Hungary’s nationalist Movement for a Better Hungary (Jobbik) party has won 17% of the vote in national elections, placing it third after the right-wing Fidesz party and the incumbent governing Hungarian Socialist Party (MSZP).
Hungary's nationalist Movement for a Better Hungary (Jobbik) party has won 17% of the vote in national elections, placing it third after the right-wing Fidesz party and the incumbent governing Hungarian Socialist Party (MSZP). Fidesz's result of 52.8% in the first round translated into 206 seats in the 386-seat legislature.
The MSZP, which has imposed regressive austerity measures in return for loans from the US-dominated International Monetary Fund, was far behind with 19.3% and 28 seats. Jobbik won 26 seats and 16.7% — more than three times as much as any other far-right party since 1990.
In late 2008, the MSZP administration received a standby loan of 20 billion euros from the IMF and other institutions. In return, it unleashed a savage wave of public-sector cuts and other austerity measures to reduce the budget deficit.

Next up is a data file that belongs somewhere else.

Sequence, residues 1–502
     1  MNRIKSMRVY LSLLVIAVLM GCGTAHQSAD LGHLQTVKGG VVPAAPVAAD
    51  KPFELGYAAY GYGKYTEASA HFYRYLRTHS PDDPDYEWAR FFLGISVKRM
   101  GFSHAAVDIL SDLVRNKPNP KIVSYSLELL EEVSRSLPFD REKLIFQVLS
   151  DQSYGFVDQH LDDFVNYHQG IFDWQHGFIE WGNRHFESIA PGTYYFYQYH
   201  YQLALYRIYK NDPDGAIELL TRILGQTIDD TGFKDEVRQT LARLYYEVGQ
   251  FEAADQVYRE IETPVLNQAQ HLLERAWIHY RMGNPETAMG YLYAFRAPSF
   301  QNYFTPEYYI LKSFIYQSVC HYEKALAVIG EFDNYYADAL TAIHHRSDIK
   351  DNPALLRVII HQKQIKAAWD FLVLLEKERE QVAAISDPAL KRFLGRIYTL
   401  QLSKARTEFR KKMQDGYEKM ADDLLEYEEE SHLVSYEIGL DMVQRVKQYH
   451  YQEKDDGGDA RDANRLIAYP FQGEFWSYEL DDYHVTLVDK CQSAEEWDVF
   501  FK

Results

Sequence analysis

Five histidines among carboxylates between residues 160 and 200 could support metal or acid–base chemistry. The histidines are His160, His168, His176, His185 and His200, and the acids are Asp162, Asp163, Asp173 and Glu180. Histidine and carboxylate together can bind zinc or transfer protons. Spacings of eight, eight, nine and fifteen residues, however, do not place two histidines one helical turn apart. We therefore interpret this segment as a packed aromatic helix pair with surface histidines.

Jobbik capitalised on a resurgence of anti-semitism and anti-Roma sentiment linked to mass unemployment — currently running at 11.4%. It campaigned on a populist platform of "self-determination" and opposition to the unfettered capitalism favoured by the IMF and the European Union. Jobbik, which is allied to the far-right British National Party in the European Union, was formed by veterans of the 1956 revolution and right-wing students in 2003.
It has a paramilitary wing, the Magyar Garda, whose uniforms are reminiscent of those worn in the 1940s by the Arrow Cross, Hungary's infamous wartime Nazi party.
The Garda's have held a series of confrontational marches through small countryside towns designed to intimidate their Roma populations and stop what Jobbik calls "gypsy crimes" — mostly petty thefts.
A series of murderous attacks killed six Roma people in 2008 and 2009. Hungarian Academy of Sciences sociologist Pal Tamas said that Jobbik was appealing to largely rural unemployed voters who, he argued, were projecting the ongoing economic crisis onto minorities.
Tamas said: "The party has played on the country's sense of wounded pride to make Roma and Jews the scapegoats for everything that has gone wrong, even if many Jobbik voters have never even seen a Jew." [Reprinted from the Biritish Morning Star.]